“That iconic music screams summer, and we all scream for ice cream, but during the pandemic… getting close to the ice cream man could mean getting something else. Fact of life, yet here is Mr. Freeze – not his name – in his truck of treats, unmasked, ungloved, taking cash for cones,” said CBS Chicago reporter Brad Edwards. He then broke the news that “ice cream trucks are banned” in Hoffman Estates. “The village manager tells us, if you see that ice cream man – call 9-1-1,” Edwards said. Hopefully, Edwards won’t discover most restaurants are delivering food directly to homes.
A defense official detailed “interim guidance” that anyone who has been “hospitalized with COVID-19 will be medically disqualified and would need a service waiver to join.” The Military Entrance Processing Command issued a memo noting a reported history of confirmed COVID-19 will be annotated as “considered disqualifying.” During the medical history interview or examination, a history of COVID-19, confirmed by either a lab test or clinician diagnosis, is permanently disqualifying.
It could be more than a year before churches are allowed to resume their in-person gatherings, according to Illinois Gov. J.B. Pritzker (D), if churches are allowed to open at all.. Pritzker announced a five-phase plan to reopen along with estimated dates they will be allowed to reopen.In phase four, gatherings of up to 50 people will be allowed. Gatherings of more than 50 people will not be allowed until phase five along with all other “centers of recreation.” At a press conference Tuesday, Pritzker said, “We have to figure out how to live with COVID-19 until it can be vanquished.”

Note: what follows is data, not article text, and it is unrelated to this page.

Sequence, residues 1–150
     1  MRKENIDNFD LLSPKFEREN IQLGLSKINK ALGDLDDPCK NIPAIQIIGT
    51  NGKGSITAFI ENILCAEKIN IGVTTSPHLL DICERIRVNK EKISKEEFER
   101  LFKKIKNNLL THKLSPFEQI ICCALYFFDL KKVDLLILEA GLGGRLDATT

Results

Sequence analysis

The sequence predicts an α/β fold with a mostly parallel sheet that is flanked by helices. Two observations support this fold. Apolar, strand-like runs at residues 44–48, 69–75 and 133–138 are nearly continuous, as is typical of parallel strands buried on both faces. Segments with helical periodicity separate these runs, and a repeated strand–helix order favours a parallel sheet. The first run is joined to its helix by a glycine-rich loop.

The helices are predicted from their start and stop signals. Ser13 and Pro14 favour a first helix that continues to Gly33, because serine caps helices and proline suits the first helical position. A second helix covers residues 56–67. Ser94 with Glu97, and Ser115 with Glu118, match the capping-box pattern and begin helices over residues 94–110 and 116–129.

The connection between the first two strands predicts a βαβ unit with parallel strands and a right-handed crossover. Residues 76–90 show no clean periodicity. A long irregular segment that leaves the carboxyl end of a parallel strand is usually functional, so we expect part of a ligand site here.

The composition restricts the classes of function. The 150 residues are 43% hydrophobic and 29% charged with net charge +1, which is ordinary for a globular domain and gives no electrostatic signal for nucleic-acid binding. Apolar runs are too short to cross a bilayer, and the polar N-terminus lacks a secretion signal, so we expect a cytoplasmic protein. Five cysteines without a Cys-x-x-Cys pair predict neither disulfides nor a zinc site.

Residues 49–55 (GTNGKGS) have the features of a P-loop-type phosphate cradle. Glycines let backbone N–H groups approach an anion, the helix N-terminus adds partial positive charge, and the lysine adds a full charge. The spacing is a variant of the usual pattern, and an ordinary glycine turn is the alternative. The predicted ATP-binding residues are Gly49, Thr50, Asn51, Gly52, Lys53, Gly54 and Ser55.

A Kenosha County woman arrested after trying to gain access to a government meeting plans to fight the charges, claiming the arrest violated public meetings laws. A sheriff’s department news release Wednesday said that was the moment officers realized Mary Moser was not a board supervisor, they explained the meeting was closed and told her she could attend the meeting by watching it on an internet feed. “I don’t want to watch it, I want to participate in citizens comments,” Moser told WISN-TV.